His lobbying firm, Cohen and Woods International, represents Zimbabwe—and, coincidentally, African Arguments has a page dedicated to “engaging” Zimbabwe. I need to emphasize here that in the norms and customs of American politics, there is nothing wrong with this: there is transparency: it is disclosed, and people can make their judgements.  Moreover, there is absolutely nothing wrong with African countries hiring lobbyists to influence opinion because, many times, very ill-informed US congressmen are writing legislation based on misinformation campaigns from the opponents of African governments.

So, coming back to Eritrea, where did this article come from?  Is this a case of the US foreign policy establishment using an old Africa hand to float a policy change?  Is this a case of the Eritrean regime hiring an experienced diplomat-lobbyist to polish its image? Is this a case of Herman Cohen taking an initiative to un-stick a stalled relationship and drum up some business for his lobbying firm?

I rule out the first possibility because of one thing: his article gets one huge fact wrong.  In the article, Cohen claims “In 2008, the George W. Bush Administration declared Eritrea to be a “state sponsor of terrorism”, thereby triggering US trade, investment, and travel sanctions against Eritrea and its leaders.”  No such thing happened.  Somebody ostensibly following the Eritrea-Ethiopia, and the Eritrea-US, relationship closely would not get that part wrong.  (What’s strange is that none of the other authors, all luminaries of the US-Africa policy wonk establishment, who responded to his article corrected his assertion.)

I don’t rule out the second possibility—that he may be consulting for the Eritrean regime—but, if he were, he would have disclosed it.  In any event, his lobbying firm is required to, by law, disclose it and we will know in time.  Despite his claims that he is squeamish about which dictators his firm chooses to represent, he did, at one point, represent Taylor, so methinks the lady doth protest too much.

The third possibility—that he is free-lancing—is the most likely one.  The Lobbying-for-Africa industry in Washington, DC is highly competitive and the ones who are sought out are those who have had very recent experience in US government, particularly the executive office.  It has been 22 years since Cohen served an administration and the article, in my opinion, is a way to stay relevant and drum up business for his lobbying firm (not that there is anything wrong with that.)  He may have calculated that Ethiopia has enough representatives and friends and Eritrea needs some help. The narrative of his article–its omissions, its de-emphasis of certain developments, particularly the hilarious downplaying of Isaias Afwerki’s support of Somalia’s Al-Shabab (“In view of the absence of any intelligence, real or fabricated, linking Eritrea with Shabaab for over four years”)—supports this possibility.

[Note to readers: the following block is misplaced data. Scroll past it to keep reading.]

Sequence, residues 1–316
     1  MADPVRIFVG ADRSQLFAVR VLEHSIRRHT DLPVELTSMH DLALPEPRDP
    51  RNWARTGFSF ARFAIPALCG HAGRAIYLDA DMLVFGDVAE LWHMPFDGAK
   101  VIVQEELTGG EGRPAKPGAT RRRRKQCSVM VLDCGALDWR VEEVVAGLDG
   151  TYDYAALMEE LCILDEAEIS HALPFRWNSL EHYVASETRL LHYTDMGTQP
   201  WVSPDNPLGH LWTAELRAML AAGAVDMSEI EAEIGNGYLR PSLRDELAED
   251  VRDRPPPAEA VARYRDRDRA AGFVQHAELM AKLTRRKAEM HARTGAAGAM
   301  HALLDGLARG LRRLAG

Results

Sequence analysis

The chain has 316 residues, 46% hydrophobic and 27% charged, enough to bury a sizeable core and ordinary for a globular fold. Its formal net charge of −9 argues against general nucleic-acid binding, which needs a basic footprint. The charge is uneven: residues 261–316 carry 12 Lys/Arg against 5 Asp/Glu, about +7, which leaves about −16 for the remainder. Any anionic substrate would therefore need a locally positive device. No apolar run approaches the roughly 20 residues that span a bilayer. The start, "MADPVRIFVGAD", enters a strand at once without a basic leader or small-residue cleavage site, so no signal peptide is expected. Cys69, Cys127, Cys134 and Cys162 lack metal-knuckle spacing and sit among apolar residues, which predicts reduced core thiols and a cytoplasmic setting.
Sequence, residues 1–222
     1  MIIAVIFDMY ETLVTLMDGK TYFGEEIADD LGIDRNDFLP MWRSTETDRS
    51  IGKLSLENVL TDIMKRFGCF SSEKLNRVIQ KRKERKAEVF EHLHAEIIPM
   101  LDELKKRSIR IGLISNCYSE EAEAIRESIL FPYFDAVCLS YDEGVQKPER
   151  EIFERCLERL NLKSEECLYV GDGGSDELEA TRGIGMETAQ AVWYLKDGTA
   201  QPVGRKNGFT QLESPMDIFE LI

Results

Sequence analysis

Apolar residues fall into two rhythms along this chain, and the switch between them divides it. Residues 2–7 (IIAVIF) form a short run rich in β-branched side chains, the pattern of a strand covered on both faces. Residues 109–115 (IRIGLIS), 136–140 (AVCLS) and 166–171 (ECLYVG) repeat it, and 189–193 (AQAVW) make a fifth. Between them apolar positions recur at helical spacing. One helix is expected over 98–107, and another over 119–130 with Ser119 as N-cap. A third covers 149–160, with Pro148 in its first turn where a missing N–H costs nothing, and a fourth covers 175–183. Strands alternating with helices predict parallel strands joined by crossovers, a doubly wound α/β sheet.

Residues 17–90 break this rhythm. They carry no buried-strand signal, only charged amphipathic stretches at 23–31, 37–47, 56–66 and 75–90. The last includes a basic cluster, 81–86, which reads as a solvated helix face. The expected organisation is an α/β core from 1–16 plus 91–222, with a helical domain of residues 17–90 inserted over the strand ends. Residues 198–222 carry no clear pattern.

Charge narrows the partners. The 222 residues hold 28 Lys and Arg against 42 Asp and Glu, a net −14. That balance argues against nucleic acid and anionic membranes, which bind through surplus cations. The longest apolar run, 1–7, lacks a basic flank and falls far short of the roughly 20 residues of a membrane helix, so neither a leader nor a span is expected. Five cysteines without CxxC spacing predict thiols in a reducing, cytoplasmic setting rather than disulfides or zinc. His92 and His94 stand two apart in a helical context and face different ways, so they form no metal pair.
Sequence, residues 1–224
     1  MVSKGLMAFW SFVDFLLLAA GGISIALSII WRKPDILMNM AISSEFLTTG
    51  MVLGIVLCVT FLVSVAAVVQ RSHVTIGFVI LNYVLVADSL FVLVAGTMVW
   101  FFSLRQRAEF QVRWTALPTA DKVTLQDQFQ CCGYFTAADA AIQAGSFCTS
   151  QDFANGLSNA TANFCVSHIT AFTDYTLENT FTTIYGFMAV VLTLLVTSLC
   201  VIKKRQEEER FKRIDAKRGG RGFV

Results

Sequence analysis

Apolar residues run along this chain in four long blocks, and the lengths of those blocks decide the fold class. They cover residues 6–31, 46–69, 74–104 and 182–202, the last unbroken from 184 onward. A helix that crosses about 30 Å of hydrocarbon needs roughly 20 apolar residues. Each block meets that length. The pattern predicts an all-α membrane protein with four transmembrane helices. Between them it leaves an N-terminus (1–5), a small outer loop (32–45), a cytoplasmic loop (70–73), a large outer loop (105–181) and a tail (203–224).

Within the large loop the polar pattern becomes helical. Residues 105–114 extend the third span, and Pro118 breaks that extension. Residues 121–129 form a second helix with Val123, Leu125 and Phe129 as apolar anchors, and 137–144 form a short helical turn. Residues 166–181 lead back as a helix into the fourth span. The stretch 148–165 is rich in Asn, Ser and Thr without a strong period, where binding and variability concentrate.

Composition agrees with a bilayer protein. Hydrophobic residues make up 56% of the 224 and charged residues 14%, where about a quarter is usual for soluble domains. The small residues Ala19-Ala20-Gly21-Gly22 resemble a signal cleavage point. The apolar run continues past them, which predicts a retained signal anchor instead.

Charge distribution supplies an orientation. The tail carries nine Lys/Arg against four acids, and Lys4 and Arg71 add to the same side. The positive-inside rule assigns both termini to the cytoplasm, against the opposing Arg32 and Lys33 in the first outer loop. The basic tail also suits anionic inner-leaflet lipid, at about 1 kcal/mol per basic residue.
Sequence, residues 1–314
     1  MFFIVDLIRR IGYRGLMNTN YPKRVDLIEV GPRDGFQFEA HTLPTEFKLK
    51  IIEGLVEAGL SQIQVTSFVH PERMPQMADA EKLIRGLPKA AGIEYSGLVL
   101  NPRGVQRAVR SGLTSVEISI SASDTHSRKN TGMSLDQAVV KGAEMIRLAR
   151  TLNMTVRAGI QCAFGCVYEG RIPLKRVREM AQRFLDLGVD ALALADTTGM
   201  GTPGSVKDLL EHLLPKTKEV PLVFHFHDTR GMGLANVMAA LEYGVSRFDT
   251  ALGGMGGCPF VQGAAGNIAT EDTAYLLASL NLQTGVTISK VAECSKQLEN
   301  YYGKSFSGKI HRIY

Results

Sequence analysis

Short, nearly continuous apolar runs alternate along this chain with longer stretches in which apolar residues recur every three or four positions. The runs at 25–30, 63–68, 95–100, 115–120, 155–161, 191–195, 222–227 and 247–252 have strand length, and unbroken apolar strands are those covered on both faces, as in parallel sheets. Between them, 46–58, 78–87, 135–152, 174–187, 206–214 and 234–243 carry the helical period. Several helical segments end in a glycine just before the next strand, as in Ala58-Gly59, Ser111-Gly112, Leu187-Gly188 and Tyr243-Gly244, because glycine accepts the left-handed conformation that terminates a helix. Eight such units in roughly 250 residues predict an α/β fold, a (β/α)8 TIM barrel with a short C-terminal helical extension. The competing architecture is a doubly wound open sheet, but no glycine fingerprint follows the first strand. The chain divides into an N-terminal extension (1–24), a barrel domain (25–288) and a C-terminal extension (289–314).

The Spin Troika

The second reason that Cohen’s article received bigger buzz than it deserved is due to the changes that have occurred within Eritrea’s Spin Room ever since its Minister of Information, Ali Abdu (disclosure: he is my younger brother) left the regime.  For years, Eritrea’s Spin Masters have been three people: Ali Abdu, Yemane Gebreab and Yemane Gebremeskel.  Each had, in my view,  a relatively well-defined role: Ali Abdu focused on the populist constituency (mass media: particularly its over-sized Eri-TV); Yemane Gebreab and Yemane Gebremeskel focused on the opinion-shapers in the Diaspora (the professors of; the weapons of mass destruction like Sophia Tesfamariam; the cadres of YPFDJ and other assorted political moths. ) Isaias Afwerki was the Bull in the China Shop, the free-floating steroid undoing—or-reinforcing—the message of the day.  By the way, I haven’t watched his announced interview yet (scheduled for Sunday night) but I expect him to undo whatever little promises his regime made in its Universal Periodic Review report to the UN in weeks prior.